O'Keefe was groomed and suited up in an elegant pinstripe. He was wearing the midnight-black camel hair overcoat I'd admired the first time I met him. The Wampanoag Ball was a semiformal affair. I had wanted to wear trousers because I had recently broken my ankle and it was still swollen. My vanity wounded, I sacrificed my pride and wore a little basic black number and a pair of flats. I was just out of a cast and couldn't wear heels. Embarrassed by the infirmity, I explained to O'Keefe that I felt "uneven," kicking one toe out and then the other to show him my lopsided conformation. I might as well admit the deficit and douse any expectations for perfection. He examined the damage and said, "Well, at least you're standing up."

We were just breaking the ice, but the exchange reminded me of James M. Cain's critique about a woman's "legworks" in the first pages of his noir mystery novel Serenade. Something about O'Keefe had reminded me of Cain's obsessive reverence for women even as he dismissed them, like a man who fears his addiction might be revealed if he doesn't publicly decry it.

I saw O'Keefe's hair was still damp from a hasty shower. O'Keefe didn't have an extra minute to waste. His law enforcement schedule was dawn to the wee hours, and he was always charging through his tasks full speed. From his morning coffee, he hopped from his offices with DA Phillip Rollins to the courthouse, to the state police barracks, to CPAC meetings for crime prevention and control, to taped-off chambers-of-horror murder scenes, to community soirees with teapots and trays of petits fours. He is a public man. He told me that he'd been up to the state crime lab in Sudbury, "twisting their arms and holding hands" to get them to complete DNA testing for the Worthington case. In the Sudbury lab, DNA capabilities are so limited that each of the state's district attorneys can submit only one case a month, first come, first serve. "They don't have the bodies," O'Keefe said.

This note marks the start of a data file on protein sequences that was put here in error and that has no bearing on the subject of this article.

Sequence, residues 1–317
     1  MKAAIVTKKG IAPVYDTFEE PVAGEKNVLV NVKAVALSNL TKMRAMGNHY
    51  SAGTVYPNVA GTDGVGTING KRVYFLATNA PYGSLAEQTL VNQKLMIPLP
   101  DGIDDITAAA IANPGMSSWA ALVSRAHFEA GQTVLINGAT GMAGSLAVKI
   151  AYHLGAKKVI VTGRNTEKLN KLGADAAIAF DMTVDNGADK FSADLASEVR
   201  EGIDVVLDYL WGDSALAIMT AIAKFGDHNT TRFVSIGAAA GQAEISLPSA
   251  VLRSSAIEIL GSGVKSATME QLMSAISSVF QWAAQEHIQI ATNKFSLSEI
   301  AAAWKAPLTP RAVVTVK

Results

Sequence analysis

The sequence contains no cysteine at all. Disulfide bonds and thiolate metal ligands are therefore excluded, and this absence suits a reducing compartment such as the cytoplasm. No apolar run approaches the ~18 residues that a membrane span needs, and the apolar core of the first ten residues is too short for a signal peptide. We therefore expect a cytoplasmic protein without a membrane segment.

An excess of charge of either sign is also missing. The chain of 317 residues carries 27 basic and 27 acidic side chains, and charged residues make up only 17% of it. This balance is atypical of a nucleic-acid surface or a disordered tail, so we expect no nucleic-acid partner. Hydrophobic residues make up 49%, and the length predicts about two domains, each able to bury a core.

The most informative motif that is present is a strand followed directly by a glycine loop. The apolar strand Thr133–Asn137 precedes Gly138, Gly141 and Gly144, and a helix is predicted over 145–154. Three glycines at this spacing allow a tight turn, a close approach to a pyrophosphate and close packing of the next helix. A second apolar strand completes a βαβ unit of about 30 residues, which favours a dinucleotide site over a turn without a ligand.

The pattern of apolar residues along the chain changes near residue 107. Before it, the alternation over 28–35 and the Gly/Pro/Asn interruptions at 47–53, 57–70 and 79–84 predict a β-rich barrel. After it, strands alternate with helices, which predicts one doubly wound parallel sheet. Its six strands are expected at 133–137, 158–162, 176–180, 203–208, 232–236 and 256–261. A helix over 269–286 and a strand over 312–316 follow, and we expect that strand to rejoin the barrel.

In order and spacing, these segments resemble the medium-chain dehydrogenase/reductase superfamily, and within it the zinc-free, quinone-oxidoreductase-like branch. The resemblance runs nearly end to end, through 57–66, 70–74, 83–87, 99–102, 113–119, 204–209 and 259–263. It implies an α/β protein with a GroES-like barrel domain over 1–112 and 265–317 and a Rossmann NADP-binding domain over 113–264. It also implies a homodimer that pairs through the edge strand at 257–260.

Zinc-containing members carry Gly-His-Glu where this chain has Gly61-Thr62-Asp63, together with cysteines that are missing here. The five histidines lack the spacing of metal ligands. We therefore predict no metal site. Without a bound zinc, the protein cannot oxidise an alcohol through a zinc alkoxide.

"The bodies? Where do they take the bodies?"

He looked at me as if I was a "silly" and he said, "They don't have the resources. This is Massachusetts. We don't, we do not invest in the law enforcement infrastructure. We ran out of state police overtime money February ninth. Done. Gone—even in the best of times, this state doesn't spend enough dough on law enforcement. In the end, fingers are going to wag. The press are yapping, like with that Ramsey case in Colorado."

Meet the Author

The recipient of an NEA fellowship and a Pushcart Prize, MARIA FLOOK is the author of  My Sister Life, The Story of My Sister's  Disappearance; two novels, Open Water and Family Night (which received a PEN American /Ernest Hemingway Foundation Special Citation); and a collection of short stories, You Have the Wrong Man. She teaches at Emerson College.